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    I've lived in a large city where the population was 85% black and one where the entire county was 94% Hispanic and I didn't walk around feeling unwanted, nervous or "on guard" because I realized that while racists come in all races (I know some people think that can't be true but it is) the vast majority of all races are good people who treat with respect and as humans. We have to stop judging entire races, or any group of people, by the small margin that are bad people and truly don't represent the majority. People who stereotype a whole group of people are just as guilty of being prejudice as the very groups they are claiming are prejudice.

  9. #29
    4eyedbuzzard's Avatar
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    Quote Originally Posted by Francis Sawyer View Post
    Her story is not unique. Everybody who isn't a member of a protected group is a hater in some form or fashion blah blah blah . By not applauding her and offering contrition I am admitting my hate. I'm a bad, insensitive man . Look away , look away . I'm a monster.
    The most "protected group" of people in the entire world is that of white American men. If you don't understand that, you're living in a really shallow fantasy world.

  10. #30
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    Quote Originally Posted by 4eyedbuzzard View Post
    I think it is difficult as a white person, and especially for old white guys from the US or South Africa, to relate to what a black person experiences in a predominantly white society everyday in their life, whether they be home, working, hiking, whatever. So, we have a choice. We can listen to their story and try to understand their perspective, or we can dismiss it as the complaining of a part of society we neither understand nor particularly like. I doubt you or I face the daily problems of functioning in a society that marginalizes us to at least some degree because of our skin color, gender, sexuality, or anything else. Okay, for me, maybe age these days. But you and I woulIn't even think of such things being related to something as simple as going hiking, would we?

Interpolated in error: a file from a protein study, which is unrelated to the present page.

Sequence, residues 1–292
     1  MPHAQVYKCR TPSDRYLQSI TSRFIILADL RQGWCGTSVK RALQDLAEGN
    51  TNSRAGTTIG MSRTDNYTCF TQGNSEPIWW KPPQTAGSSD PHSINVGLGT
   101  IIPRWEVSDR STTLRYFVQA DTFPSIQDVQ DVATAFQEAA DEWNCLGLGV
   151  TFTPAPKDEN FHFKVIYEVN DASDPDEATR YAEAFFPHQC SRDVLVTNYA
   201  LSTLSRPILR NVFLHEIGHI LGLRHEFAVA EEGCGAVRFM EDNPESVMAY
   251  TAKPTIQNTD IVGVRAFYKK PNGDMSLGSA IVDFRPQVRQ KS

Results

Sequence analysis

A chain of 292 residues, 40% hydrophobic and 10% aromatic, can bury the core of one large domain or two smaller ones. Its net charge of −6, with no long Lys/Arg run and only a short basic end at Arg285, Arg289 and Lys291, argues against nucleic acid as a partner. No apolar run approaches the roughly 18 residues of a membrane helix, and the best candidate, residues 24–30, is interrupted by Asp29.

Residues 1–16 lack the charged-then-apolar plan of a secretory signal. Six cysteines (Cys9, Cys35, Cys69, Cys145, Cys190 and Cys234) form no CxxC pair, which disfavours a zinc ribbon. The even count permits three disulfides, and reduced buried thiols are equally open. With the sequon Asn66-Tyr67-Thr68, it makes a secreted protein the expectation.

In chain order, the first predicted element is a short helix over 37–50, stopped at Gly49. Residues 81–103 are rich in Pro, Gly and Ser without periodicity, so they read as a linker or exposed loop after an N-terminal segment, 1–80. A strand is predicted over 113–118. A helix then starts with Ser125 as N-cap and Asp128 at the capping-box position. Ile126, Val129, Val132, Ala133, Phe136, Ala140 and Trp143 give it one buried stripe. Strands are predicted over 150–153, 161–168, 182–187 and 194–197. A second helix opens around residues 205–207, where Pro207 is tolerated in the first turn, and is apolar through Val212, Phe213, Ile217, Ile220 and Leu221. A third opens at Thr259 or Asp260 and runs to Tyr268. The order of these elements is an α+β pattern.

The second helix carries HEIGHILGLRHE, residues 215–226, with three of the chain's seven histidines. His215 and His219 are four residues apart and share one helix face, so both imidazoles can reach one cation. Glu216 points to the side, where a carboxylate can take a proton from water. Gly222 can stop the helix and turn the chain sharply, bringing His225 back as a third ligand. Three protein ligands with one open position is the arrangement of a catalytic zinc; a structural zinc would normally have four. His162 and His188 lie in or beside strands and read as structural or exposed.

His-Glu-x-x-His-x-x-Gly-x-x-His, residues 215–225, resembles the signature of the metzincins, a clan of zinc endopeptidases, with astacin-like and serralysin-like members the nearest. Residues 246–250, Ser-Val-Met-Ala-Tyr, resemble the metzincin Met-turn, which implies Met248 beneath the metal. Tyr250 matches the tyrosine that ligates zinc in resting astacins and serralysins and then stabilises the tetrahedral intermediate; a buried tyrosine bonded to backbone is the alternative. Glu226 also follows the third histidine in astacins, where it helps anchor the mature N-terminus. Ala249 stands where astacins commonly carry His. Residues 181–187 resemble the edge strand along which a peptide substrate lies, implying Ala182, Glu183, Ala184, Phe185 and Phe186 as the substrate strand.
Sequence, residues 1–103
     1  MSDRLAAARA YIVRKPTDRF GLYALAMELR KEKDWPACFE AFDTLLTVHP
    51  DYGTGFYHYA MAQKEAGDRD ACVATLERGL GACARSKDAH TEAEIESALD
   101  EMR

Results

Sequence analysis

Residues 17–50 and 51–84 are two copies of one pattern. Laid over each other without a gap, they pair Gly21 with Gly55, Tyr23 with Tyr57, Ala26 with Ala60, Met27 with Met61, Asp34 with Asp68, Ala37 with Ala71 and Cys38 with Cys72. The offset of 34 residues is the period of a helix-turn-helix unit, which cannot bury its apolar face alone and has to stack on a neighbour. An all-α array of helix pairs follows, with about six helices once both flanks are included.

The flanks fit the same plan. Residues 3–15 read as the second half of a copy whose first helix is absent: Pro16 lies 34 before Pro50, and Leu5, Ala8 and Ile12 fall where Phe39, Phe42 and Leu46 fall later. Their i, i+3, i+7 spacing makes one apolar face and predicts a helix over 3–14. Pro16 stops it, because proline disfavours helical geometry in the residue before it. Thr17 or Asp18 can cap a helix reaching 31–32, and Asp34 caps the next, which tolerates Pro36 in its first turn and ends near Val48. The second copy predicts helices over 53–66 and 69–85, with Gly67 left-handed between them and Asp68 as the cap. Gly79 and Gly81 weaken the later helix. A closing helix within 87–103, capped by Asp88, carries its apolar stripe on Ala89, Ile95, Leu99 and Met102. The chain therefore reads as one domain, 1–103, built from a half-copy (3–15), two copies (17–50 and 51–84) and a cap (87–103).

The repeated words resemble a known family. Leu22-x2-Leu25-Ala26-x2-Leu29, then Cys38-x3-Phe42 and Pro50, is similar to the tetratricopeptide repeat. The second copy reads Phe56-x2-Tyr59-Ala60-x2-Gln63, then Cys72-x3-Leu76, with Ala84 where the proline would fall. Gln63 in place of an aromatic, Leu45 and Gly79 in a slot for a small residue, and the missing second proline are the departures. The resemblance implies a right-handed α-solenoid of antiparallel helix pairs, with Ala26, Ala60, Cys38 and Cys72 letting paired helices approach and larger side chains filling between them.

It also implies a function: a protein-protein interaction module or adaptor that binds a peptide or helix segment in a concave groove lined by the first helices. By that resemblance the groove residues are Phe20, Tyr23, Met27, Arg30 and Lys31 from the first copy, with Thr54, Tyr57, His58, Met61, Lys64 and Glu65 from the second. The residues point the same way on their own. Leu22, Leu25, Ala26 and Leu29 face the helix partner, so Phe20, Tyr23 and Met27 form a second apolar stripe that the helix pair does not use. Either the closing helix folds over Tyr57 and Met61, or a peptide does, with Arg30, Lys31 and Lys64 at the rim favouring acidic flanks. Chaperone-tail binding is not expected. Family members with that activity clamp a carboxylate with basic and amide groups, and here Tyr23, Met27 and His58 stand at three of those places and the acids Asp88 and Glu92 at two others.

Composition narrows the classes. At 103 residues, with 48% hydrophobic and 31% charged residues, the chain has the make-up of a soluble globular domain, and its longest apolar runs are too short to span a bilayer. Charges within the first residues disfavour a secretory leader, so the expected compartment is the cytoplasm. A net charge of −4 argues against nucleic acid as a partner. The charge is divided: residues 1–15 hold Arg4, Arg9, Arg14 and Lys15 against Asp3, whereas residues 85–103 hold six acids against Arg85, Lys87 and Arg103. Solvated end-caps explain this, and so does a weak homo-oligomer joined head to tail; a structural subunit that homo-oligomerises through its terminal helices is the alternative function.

Actually it is the other way around. As a 60 year old white man I know exactly what racism looks like, I saw it and it was not hidden. The things I saw in the 60 and early 70s don't even come close to what is considered Racism in todays terms. It was not just black men/women, it was all women were treated a 2nd class citizens. Lower work pay, constant sexual comments and advances, getting fired because you were pregnant (yes, happen to my mother) and other tasks which would be demeaning in todays workforce.
    Last edited by Farr Away; 04-17-2017 at 23:17.

  11. #31
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    First off, she probably had a hell of an adventure out there with that mindset. After looking over her Twitter and other articles, it appears to me that Rahawa Haile decided to hike the trail to prove a point. She's an activist and put herself in what she feels is a dangerous situation to make a point. There's far more focus on fear-mongering and negative points in this article than positive. There may not be an abundance of black hikers on the AT, but I've hiked with several over the years. I hiked up Albert Mountain with a black guy last year. In my experience, I have a more genuine connection with people on the trails, despite obvious differences whether observed or spoken.

    REI might not cater to black people in their ads, but you don't see a lot of ads for white people on BET either. Marketing science involves "testing and measurement to study broad behavioral patterns, drill down from the aggregate to the individual and produce new insights that improve business outcomes." If there are less black people in outdoor ads, it's because there are less black people spending money on the outdoors, not because marketeers aren't politically correct or are racist.

    In summary, I don't think your activism has a place on the Appalachian Trail, and articles like this resonate an overly negative and false viewpoint that likely prevents black people from hitting the trail at all. Good job Rahawa!